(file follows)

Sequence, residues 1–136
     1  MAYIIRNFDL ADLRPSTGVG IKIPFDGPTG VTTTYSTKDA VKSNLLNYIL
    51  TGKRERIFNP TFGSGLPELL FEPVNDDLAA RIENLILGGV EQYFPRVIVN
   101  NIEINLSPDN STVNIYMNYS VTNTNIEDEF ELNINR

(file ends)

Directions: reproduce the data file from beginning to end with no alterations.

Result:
Sequence, residues 1–136
     1  MAYIIRNFDL ADLRPSTGVG IKIPFDGPTG VTTTYSTKDA VKSNLLNYIL
    51  TGKRERIFNP TFGSGLPELL FEPVNDDLAA RIENLILGGV EQYFPRVIVN
   101  NIEINLSPDN STVNIYMNYS VTNTNIEDEF ELNINR